Communities today are seeking to limit sprawl and reduce vehicle miles driven through compact and walkable mixed use development that have vibrant cores of activity. The advent of autonomous vehicles has the potential to disrupt these plans—the presenters will explore the various scenarios that could emerge from these changes. They will also outline ways in which local governments can use big data and new accessibility measures to make proactive and intelligent transportation planning decisions.
Track C: Transportation that works for everyone: Economic growth opportunities through connecting people, equal opportunities through transportation. Denise Jess, Executive Director – Wisconsin Council of the Blind and Visually Impaired, Maurice Cheeks, Alder District 10 – City of Madison
Transportation options are key to ensuring that a community is healthy and provides access to those who cannot drive. While billions of dollars are invested in our highway systems each year, millions of Americans lack transportation that prevents them from participating in the economy. This session will discuss how we can make smart, targeted investments in public transit and other non-auto infrastructure that foster more competitive economic centers, with a particular focus on the disabled, elderly and low income communities.
Featured Speaker: Devils Advocate: Asking the Tough Questions
Kevin Brubaker, Deputy Director – Environmental Law and Policy Center
2:00-3:00 Concurrent Sessions:
Track A: Getting our Priorities Right— Maintaining and optimizing the use of our existing infrastructure. –Eric Sundquist, Managing Director – State Smart Transportation Initiative
Communities around the state are struggling to pay for the maintenance and operation of their roads, bridges and transit systems. However, new technological changes in project management, transportation modes and decision making tools could help local governments use their funding in a more effective manner. This session will explore new approaches to getting the most out of our existing infrastructure.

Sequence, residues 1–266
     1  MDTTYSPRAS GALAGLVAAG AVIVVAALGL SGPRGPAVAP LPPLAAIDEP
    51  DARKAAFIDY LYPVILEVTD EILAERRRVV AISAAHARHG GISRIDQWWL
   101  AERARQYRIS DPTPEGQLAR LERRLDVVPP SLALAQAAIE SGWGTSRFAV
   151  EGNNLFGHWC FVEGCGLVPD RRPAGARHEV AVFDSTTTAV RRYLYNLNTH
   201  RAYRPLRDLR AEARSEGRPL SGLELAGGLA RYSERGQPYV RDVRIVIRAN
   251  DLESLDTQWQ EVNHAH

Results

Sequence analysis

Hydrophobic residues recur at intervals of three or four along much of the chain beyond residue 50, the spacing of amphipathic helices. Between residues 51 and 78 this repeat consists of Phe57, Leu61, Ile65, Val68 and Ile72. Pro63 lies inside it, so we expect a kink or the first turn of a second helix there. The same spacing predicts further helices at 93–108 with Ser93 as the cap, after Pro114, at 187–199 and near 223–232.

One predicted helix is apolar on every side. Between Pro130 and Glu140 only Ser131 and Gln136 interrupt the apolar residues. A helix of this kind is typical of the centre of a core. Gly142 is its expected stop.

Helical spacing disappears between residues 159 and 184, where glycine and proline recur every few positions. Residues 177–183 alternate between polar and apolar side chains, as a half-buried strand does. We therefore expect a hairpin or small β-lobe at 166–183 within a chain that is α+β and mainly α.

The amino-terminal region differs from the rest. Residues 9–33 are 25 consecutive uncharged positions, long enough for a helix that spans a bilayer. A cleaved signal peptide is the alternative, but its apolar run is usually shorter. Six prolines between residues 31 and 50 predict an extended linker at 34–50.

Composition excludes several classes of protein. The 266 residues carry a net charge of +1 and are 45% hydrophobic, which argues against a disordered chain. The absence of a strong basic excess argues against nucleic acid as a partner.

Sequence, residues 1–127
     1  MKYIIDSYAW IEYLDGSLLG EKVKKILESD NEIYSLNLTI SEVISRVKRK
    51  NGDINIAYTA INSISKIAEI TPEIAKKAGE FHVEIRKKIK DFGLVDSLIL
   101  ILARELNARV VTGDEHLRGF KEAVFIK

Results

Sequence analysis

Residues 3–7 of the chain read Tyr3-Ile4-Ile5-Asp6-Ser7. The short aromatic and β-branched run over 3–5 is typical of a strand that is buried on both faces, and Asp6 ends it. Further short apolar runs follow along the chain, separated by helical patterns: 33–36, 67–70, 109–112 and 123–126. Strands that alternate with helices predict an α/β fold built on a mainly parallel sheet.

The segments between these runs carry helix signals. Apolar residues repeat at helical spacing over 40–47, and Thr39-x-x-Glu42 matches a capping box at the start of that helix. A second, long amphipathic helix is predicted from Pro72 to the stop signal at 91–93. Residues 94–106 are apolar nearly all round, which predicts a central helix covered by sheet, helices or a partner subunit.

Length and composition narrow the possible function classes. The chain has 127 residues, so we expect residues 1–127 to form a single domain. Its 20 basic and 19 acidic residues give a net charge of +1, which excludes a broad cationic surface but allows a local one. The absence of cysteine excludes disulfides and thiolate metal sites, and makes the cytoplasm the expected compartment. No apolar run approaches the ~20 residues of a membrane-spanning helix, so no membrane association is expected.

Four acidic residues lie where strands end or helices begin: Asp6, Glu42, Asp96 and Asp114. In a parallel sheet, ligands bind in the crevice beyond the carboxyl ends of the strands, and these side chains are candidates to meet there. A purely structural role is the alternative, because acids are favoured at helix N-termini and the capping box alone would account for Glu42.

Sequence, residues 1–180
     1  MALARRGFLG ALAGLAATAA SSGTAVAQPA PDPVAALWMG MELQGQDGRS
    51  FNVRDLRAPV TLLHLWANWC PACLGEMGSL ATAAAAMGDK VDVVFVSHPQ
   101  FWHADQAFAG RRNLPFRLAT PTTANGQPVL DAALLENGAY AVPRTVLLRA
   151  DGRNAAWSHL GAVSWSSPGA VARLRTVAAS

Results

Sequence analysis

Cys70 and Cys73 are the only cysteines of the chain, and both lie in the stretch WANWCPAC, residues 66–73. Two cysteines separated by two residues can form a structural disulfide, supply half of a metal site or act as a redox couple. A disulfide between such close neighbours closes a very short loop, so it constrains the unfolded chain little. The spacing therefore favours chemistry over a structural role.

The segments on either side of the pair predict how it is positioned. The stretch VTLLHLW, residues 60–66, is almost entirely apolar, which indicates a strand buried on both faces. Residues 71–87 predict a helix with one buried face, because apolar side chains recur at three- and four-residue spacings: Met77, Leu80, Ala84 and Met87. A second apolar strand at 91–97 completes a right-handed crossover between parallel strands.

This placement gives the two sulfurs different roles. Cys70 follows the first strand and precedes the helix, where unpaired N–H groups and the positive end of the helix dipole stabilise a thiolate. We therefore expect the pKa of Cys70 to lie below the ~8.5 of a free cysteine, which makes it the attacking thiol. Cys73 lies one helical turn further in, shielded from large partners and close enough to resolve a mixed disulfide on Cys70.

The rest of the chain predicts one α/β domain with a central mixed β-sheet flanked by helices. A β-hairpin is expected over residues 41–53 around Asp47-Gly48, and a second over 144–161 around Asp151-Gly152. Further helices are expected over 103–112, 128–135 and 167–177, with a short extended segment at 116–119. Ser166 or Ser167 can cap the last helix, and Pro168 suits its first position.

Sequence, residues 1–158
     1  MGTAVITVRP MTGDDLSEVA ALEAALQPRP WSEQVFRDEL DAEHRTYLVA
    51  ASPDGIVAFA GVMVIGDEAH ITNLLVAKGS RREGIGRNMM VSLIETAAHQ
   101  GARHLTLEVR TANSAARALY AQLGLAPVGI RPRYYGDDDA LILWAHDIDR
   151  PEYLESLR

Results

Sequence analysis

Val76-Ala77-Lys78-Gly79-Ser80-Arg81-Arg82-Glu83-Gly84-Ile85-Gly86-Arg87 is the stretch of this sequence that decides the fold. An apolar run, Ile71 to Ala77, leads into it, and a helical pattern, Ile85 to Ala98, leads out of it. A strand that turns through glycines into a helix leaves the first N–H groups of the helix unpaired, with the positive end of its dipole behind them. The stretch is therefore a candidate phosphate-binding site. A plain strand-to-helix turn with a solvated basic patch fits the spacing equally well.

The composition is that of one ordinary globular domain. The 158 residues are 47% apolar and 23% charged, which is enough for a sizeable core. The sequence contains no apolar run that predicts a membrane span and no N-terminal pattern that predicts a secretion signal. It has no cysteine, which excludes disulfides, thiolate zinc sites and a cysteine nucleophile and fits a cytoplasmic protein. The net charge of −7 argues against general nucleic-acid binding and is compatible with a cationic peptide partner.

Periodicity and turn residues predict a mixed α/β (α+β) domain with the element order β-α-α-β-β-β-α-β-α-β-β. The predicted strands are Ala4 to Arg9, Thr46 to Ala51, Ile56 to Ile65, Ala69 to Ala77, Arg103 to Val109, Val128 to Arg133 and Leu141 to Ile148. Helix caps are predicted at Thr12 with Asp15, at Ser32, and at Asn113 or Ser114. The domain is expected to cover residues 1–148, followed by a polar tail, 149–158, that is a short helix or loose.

Track B: Changing Technology: Exploring success stories of good policy. –Yang Tao, Assistant Traffic Engineer – City of Madison, Ashwat Narayanan, Director of Transportation Policy – 1000 Friends of Wisconsin
Local governments today are hampered by a lack of information on building healthy communities that provide equitable transportation options for everyone. This session will aim to spotlight communities, projects and policies that are at the forefront of building a successful transportation future.
Track C: Transportation that works for everyone: How communities can control the conversation about their futures? -Barbara Pfarr – WISDOM/SOPHIA, Cassie Steiner, PR & Outreach Associate – Sierra Club – John Muir Chapter
Transportation decision making often has been controlled by powerful special interests that leave out those most impacted by a lack of transportation options. Today’s unprecedented technological and demographic changes presents an opportunity for communities across the state to take back control of the conversation—and ensure that their values are reflected in transportation investments. This session will focus on building power at the community level through fostering strong grassroots coalitions, to ensure more equitable transportation outcomes.
Workshop 1: How do we design and implement policies that reduce sprawl, reduce VMT, protect the environment and create jobs? –Ashwat Narayanan, Transportation Policy Director – 1000 Friends of Wisconsin, Chris McCahill, Senior Associate – State Smart Transportation Initiative
Attendees will come together to identify and compile workable smart transportation policies and strategies to advance in their communities.
Workshop 2: Organizing for success—how you can create transformative change in your community. –Sharice Davids, Peter Skopec, Director – WISPIRG, Cassandra Steiner, PR & Outreach Associate – Sierra Club – John Muir Chapter
An interactive workshop to identify ways in which citizens can get involved in a meaningful way in the process of making transportation decisions at the community, state and regional level.
Workshop 3: Rapid Transit—how to get it right? –Rob Henken, Executive Director – Public Policy Forum, Chuck Kamp, General Manager – Madison Metro
Few American cities have hit on a policy combination that achieves the goal of making transit more accessible to more people. This workshop will explore the current state of practice and identify challenges and opportunities to building a world class rapid transit system in Wisconsin.